Lately, I’ve been a little hard on myself. I started a new job, and it is helping me see that I struggle to offer myself much grace. My anxiety often manifests as perfectionism, which leaves no room to learn, grow, or feel safe trying something new. It’s a pinched, scary place to live.
I am good at buckling down and enduring – sometimes, this is a handy skill! More often it means I white-knuckle through an experience and then try to process it later, but feelings don’t like to be squashed. If I try to ignore that I deeply want to feel valuable, purposeful, and connected, and I’m afraid of failing, then guess what? Those feelings start banging on the cymbals in my lizard brain, and the clanging comes out sideways. It manifests as feeling ashamed of my poor muscle tone or hating my clothes. It distorts my face in the mirror and convinces me that I am broken.
Thank goodness I’m starting to recognize this tune.
A new friend recently held me accountable when I made a disparaging comment about a picture of myself. “You’re really hard on yourself,” she said. “I’m going to call you out when I hear it.” Her words were simple and direct, and they woke me up. Last weekend, I allowed myself to feel some feelings that needed to be lived through, and it was hard. I had to let myself fall apart a little, and that is uncomfortable. It’s scary to turn to God or the Universe or whoever might be listening and say, “I’ve reached the end of my understanding. I need help.”
In years past, I would have opened a bottle of wine or leaned too far into other people, desperate for either or both to liberate me from the terrible weight of fear and uncertainty and grief. As I sat through this experience instead of running from it, I almost didn’t notice how I drank a La Croix instead of a Sauvignon Blanc. How I went to the grocery store and made healthy meals, so I’d have leftovers for my work week.
I started to remember that being healthy doesn’t mean you never feel sadness or grief or insecurity. It informs how you support yourself through those times. Love is a verb, and sometimes it looks like going to the grocery store to buy zucchini.
Yesterday, I took a couple of minutes to journal before work. I set an intention to view the world (and myself) through the lens of love. I didn’t consciously think about those couple of scribbled sentences throughout the day, but something had shifted. I took pride in how much I had learned at work and what I was already contributing. I called my mom and step-dad, and then my Grandmother, on my drive home, and I felt so grateful for them. I filled up my gas tank before the light came on. I looked at the pile of clothes for the dry cleaner, which had been sitting in the passenger seat for a few days, and decided to take care of “future me” and drop them off.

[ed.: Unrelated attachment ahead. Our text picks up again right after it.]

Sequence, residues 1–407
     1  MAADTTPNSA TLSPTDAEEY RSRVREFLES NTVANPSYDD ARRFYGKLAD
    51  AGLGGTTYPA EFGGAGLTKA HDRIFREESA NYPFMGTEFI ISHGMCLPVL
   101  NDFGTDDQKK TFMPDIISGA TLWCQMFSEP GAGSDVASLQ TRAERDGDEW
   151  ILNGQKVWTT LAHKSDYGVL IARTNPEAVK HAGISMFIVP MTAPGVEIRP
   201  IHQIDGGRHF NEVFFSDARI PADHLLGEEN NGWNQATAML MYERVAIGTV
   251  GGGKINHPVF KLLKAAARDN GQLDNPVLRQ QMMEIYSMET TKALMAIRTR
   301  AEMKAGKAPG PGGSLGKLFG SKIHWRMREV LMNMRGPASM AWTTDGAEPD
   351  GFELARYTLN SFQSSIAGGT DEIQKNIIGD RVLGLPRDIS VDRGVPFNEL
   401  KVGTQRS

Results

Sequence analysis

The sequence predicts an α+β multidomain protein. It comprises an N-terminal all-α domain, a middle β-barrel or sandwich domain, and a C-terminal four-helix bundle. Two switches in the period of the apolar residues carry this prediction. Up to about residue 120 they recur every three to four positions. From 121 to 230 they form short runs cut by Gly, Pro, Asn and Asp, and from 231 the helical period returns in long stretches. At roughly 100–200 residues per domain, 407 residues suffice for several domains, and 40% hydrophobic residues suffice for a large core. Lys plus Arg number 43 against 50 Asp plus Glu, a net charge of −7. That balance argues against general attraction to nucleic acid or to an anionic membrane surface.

As I walked up to the dry cleaner’s shop, I passed a man who was picking up a pizza. He wore work boots and drove a pick-up truck with racks and ladders in the back. He walked to his truck, and I continued through the glass front door, under the neon “Open” sign. As I laid out my items to be cleaned, the bell rang as the door opened again. It was the man.
The woman behind the counter asked if she could help him, but he turned to me. “I have something to say to you, actually,” he said. “I’m sure you know this, but you are so beautiful. That’s not a pick-up line or anything, I just wanted to tell you.” I blushed to my hairline and thanked him, but he was already walking out the door. It feels a little vain to tell this story, but I don’t think his comment had anything to do with my looks. I was, simply, happy.
That type of comment wouldn’t be everyone’s cup of tea, but to me, that man was generous and kind when I needed a reminder that beauty isn’t a defined set of features and a body fat percentage. It’s a byproduct of feeling worthy.
Today, may we remember our worthiness. May we cherish ourselves like a child in our care. May we reflect others’ beauty back to them. What a powerful gift.